Have a Safe Halloween

Saturday, October 31, 2009

Halloween Pictures, Images and PhotosThis how-to is about keeping children safe while trick-or-treating. Halloween is a time of fun and in a good community, things will generally be fine. However, it always pays to take precautions on a cold, dark night when kids are running around streets where there are also cars, potholes and ghouls in the backyards...

Start safety considerations with the costume: Provide highly visible costumes for your child. Bright colors, reflective parts or tape are key elements to ensure that your child can be easily seen at night. If your child has a dark costume, add reflective tape, tags or buttons. Ensure that the costume fits well and is comfortable. A costume that is dragging or shoes that are too big are just setting the scene for a tripping child. And nothing is as miserable as blistered feet and blocks to go to get home when a child has ill-fitting shoes. Sew up loose ends, baggy sleeves or legs and choose shoes that fit well.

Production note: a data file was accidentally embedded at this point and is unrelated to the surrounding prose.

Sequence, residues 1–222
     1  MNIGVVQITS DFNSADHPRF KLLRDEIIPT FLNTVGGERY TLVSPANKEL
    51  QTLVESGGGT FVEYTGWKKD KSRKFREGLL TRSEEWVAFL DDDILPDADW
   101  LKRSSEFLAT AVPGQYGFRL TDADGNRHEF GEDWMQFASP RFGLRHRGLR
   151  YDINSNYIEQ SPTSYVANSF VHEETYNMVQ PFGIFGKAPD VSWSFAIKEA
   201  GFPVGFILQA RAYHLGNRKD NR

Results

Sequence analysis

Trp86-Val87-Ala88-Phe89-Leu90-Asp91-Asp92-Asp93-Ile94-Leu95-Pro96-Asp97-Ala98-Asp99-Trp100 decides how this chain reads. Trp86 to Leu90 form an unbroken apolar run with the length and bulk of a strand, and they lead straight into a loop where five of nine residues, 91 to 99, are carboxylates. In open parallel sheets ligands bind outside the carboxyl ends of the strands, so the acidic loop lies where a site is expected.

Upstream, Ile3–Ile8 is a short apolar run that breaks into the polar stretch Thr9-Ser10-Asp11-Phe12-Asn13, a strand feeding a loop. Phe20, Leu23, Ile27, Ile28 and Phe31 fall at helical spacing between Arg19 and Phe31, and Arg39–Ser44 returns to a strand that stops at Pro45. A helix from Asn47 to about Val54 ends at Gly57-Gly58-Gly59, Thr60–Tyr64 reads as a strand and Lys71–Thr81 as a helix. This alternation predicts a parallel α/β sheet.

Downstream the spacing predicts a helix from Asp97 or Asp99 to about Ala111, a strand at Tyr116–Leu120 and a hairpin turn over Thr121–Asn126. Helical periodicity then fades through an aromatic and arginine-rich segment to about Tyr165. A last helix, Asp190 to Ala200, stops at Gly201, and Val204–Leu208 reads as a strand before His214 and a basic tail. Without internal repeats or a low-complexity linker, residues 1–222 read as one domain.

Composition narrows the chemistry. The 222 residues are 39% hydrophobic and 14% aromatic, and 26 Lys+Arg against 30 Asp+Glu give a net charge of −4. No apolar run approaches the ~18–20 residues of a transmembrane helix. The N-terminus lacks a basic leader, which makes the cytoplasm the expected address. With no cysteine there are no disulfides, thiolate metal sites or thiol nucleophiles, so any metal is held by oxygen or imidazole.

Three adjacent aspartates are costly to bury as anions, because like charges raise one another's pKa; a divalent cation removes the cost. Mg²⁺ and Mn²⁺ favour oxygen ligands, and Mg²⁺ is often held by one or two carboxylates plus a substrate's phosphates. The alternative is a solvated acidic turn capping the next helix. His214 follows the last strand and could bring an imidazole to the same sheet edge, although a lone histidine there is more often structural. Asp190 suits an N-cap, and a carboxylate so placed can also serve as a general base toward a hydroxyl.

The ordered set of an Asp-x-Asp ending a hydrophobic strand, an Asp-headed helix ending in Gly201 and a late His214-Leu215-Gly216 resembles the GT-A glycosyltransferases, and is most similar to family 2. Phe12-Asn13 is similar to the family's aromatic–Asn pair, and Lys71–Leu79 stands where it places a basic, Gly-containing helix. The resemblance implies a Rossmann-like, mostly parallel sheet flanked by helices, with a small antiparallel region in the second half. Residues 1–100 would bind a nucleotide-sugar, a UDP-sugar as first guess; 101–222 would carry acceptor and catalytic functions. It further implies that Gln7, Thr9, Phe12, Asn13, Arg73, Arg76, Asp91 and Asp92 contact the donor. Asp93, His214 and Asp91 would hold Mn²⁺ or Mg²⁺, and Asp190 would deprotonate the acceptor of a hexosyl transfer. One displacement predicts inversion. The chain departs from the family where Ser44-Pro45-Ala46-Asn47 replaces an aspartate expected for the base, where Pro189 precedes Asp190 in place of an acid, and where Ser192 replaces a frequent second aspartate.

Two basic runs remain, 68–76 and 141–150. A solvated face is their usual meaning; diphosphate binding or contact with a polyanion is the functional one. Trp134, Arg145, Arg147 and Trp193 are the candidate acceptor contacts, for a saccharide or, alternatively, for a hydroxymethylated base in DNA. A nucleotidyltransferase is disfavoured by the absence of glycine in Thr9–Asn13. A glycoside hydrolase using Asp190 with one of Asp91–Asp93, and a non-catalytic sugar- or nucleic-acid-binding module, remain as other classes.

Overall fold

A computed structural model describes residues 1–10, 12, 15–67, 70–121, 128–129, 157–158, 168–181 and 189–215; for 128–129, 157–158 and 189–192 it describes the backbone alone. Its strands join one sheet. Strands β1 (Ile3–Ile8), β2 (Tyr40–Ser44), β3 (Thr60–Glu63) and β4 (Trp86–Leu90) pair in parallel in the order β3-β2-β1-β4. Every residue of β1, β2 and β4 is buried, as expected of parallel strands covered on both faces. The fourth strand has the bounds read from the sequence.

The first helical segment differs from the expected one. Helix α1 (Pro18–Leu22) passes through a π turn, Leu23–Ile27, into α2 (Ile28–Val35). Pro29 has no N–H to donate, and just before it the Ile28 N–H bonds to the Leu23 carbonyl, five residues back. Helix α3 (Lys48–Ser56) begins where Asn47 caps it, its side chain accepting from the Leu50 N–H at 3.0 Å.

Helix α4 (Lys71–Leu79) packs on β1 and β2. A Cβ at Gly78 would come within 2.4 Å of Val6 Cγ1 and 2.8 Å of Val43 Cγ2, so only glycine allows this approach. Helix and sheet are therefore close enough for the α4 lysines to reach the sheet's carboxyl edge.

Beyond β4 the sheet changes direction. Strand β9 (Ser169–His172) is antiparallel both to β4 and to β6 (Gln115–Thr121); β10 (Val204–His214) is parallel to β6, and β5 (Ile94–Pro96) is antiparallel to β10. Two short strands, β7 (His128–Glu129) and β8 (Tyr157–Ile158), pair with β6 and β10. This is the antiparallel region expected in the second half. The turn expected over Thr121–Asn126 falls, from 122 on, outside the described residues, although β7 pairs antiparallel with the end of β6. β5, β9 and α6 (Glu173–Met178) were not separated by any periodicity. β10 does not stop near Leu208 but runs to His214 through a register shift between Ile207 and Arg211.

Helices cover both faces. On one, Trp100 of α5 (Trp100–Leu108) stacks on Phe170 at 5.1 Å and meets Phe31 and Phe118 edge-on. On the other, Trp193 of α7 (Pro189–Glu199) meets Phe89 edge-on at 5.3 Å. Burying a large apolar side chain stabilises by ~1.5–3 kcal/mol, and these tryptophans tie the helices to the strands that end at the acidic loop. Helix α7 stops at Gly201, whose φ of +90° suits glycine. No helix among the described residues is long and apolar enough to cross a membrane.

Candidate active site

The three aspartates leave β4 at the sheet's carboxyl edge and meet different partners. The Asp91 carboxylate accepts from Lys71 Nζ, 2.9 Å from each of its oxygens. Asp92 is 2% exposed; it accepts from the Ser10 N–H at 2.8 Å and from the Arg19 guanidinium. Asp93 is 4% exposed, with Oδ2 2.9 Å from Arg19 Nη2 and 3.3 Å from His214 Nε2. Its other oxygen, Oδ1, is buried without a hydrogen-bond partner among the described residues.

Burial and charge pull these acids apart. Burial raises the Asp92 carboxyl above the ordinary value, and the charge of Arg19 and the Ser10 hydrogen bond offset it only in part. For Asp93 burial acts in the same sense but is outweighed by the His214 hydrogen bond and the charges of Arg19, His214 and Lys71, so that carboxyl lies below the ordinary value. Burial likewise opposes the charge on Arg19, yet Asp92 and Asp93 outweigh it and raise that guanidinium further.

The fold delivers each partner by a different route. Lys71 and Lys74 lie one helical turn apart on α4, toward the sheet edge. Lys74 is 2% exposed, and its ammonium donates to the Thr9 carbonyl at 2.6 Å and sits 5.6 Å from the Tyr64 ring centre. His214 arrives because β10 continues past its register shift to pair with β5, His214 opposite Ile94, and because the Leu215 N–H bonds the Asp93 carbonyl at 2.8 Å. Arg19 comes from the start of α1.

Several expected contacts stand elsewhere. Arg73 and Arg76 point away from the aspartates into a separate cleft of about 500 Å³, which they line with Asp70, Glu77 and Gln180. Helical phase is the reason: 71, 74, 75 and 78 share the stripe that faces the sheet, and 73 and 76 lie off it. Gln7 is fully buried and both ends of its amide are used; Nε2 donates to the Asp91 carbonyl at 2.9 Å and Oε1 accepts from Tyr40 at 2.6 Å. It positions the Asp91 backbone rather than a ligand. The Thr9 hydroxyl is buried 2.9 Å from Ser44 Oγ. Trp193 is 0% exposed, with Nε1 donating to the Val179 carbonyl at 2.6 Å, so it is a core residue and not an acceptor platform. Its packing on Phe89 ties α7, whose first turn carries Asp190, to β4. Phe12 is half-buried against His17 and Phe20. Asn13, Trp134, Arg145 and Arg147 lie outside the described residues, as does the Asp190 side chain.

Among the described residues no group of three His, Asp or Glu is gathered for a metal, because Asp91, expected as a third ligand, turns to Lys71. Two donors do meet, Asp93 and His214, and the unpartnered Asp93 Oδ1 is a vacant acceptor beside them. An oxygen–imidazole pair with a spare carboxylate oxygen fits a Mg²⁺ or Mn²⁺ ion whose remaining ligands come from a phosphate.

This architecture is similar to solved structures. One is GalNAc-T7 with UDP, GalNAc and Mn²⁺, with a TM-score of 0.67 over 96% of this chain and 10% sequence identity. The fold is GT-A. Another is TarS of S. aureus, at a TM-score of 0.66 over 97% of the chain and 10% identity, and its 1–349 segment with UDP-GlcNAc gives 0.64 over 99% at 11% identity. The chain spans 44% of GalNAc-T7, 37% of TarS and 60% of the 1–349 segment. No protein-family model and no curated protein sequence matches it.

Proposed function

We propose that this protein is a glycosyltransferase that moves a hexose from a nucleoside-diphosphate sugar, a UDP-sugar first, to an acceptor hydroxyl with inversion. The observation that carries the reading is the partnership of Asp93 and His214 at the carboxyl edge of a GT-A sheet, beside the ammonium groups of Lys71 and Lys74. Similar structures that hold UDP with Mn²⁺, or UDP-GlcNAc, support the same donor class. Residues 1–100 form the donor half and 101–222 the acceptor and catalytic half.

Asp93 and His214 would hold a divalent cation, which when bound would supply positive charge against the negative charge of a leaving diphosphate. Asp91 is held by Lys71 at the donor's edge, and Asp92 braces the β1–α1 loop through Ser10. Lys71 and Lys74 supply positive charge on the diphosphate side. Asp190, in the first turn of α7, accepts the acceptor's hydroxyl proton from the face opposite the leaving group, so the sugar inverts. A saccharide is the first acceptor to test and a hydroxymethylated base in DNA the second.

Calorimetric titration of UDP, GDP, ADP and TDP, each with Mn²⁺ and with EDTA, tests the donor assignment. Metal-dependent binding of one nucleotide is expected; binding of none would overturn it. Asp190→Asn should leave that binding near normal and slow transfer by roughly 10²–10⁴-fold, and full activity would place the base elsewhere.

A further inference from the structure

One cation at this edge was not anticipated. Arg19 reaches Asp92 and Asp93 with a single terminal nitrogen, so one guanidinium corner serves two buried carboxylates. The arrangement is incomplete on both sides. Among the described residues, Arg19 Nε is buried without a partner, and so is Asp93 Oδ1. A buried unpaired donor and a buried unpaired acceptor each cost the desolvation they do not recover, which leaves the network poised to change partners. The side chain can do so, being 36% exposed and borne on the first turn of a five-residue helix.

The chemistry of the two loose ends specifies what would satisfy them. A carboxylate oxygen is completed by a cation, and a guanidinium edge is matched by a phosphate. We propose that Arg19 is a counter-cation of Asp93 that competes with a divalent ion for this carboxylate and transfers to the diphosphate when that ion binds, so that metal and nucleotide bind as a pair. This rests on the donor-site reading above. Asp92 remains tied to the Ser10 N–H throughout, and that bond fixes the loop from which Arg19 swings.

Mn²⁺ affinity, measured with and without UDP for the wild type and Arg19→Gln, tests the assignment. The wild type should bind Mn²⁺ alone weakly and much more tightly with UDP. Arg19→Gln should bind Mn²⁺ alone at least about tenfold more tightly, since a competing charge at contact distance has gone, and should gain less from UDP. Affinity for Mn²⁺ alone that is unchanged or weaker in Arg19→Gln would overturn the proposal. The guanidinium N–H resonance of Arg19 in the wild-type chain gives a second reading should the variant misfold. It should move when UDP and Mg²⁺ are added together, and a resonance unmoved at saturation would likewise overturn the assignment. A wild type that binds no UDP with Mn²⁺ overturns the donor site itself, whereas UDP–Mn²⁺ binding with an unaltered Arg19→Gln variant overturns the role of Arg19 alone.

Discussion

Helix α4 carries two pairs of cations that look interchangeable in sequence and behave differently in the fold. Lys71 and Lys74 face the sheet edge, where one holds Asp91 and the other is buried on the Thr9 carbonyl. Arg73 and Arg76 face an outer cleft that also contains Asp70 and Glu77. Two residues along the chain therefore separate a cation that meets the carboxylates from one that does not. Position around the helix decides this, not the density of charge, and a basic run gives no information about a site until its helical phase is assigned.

Make sure that children do not wear anything that obscures the vision. Masks are best left for the party back at home unless an older, responsible person is holding the child's hand while crossing roads. Or, make sure masks have very large eye holes for children to see through clearly. Leave the sharp and pointy props at home in case they accidentally stab someone in the eye or a child falls on them. If you do want to have some props, make sure they are soft, without sharp edges, flexible and bend when pushed. Keep kids warm and dry. Watch the weather forecast to be sure the costumes will be suitable for the conditions. Nothing worse than having a cold the day after Halloween. Even candies cannot cure sore throats and runny noses.Use non-toxic make-up only. Check the ingredients of make-up used on children very carefully to ensure that it doesn't contain ingredients harmful to children. Also take care when applying false eyelashes, eyebrows, nails etc. - anything that sticks to a young child's skin may cause pain on removal.Think road, driveway and path safety. Children must be highly visible to people driving cars. In addition, a child must be able to clearly see where he or she is walking - some paths leading up to house doors are poorly lit, have stairs or uneven surfaces that children can trip on. Provide a source of light to help. Give your child a flashlight. Flashlights are very important if children are going to make their rounds in the dark, particularly when crossing roads. There are special Halloween ones if you'd like but ordinary ones will do just fine. The type of flashlight with a bright orange cone is especially visible to drivers.